Living like jazz: Diabetes doesn’t stop this dancer from achieving her dreams

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As a professional dancer and daughter of the former billiards world champion Geet Sethi, Jazz Sethi embodies determination and perseverance.

One of the first people to use artificial pancreas in the country, Jazz was diagnosed with type 1 diabetes at the age of 13. “I’ve lost a lot of weight. My sugar level was 1050. So they took me to the hospital. They took me to the intensive care unit and was given insulin, ”recalls the 26-year-old Jazz.

Jazz has lived with type 1 diabetes for 12 years. “At first, like every 13 year old, I thought that I would be healed. You go to a hospital thinking that you will leave the hospital well. It wasn’t until later that I realized this was going to be a lifelong condition. ”

Insulin is a lifeline for people with type 1 diabetes. “We equate insulin with water. It’s vital, ”she says.

However, many people these days are reluctant to use insulin. “There are so many myths and stigmatizations surrounding this life-saving drug. And I think it’s very important to get the message across that insulin is safe and will keep you alive. ”

As a professional dancer and performance artist, Jazz began taking dance lessons at the age of five. When she was diagnosed with diabetes, Jazz thought she had to stop dancing. However, over the years she found that things were different, but nothing changed. Her six hour rehearsal did not change. She checked her sugar levels, took a small syringe of insulin if necessary, and ate a small snack. “So life hasn’t changed. It was just a little different, ”she says.

“Those who take insulin can lead a normal life. You can do whatever you want. You can reach the stars and go to the bottom of the ocean, but only and only if you have your insulin, ”says Jazz, who started the“ I Love You Insulin ”campaign in 2021, the year that will celebrate its 100th birthday made the discovery of insulin.

Jazz says her quality of life has improved a lot since she started using artificial pancreas. “The artificial pancreatic system uses what is called closed loop technology, where you have a CGM which is a continuous glucose monitor, you have an insulin pump, and then you have a little radio that kind of connects them. It makes them talk to each other. So it tries to mimic the natural physiology of the actual pancreas. When your CGM records an increase in your sugar, the pump will give you a little more insulin. If it thinks the sugar is going down, the insulin is suspended, ”explains Jazz.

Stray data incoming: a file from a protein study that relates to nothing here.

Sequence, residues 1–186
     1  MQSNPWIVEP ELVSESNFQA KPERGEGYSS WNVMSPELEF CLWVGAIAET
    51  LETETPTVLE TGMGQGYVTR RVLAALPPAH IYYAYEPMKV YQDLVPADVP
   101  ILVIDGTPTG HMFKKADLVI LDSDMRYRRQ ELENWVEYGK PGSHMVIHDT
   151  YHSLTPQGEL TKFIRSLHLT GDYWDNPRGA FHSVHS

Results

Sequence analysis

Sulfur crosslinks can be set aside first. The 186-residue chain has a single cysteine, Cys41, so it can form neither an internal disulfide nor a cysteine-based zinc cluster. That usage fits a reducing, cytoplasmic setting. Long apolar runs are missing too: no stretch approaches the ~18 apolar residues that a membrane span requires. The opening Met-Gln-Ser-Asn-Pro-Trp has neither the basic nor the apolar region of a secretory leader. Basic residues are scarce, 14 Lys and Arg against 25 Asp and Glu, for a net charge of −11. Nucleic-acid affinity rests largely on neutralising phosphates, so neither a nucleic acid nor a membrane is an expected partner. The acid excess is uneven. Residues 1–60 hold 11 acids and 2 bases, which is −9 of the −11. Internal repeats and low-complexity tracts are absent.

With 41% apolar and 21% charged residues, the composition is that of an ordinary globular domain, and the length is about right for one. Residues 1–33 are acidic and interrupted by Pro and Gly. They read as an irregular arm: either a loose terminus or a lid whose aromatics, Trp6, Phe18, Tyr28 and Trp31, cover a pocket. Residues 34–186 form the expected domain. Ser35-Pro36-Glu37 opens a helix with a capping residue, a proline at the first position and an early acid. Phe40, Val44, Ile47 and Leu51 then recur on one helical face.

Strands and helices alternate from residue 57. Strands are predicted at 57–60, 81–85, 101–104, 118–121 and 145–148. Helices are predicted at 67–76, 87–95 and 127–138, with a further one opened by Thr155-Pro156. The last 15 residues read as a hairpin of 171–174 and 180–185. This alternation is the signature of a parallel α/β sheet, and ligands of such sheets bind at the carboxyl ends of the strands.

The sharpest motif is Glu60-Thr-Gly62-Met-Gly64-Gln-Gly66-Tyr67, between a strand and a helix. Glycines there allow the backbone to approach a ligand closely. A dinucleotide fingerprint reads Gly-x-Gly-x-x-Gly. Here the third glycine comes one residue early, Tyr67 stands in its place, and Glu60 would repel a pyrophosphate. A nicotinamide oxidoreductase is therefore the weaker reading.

Jazz did her diploma in performance studies in Italy. She uses art as a medium to raise awareness of type 1 diabetes. “I’ve danced all my life. I created shows and performances. Last year we put out a diabetes anthem, ”she smiles.

For her, performance is a means of storytelling. She tries to tell her stories through performance and movement and to integrate a lot of them into her foundation work. “It’s about people with type 1 feeling less alone. When you are diagnosed with a chronic condition, there is an overwhelming sense of loneliness. You feel like you’re the only one in the world going through this. And then suddenly, when you have twenty people around you, all injecting insulin at the same time and all controlling their sugar, you suddenly feel good. That’s why we do a lot of peer support. We conduct one-on-one consultations in a project called ‘Back to Basics’. ”

Jazz launched a YouTube channel called ‘Diabetes’ in 2019. “Right now it’s got a lot of views and it’s about making diabetes fun, exciting, and energetic, not like a disease. It’s about bringing type 1 diabetes out of the dark and into the blue, ”she says with a wink.

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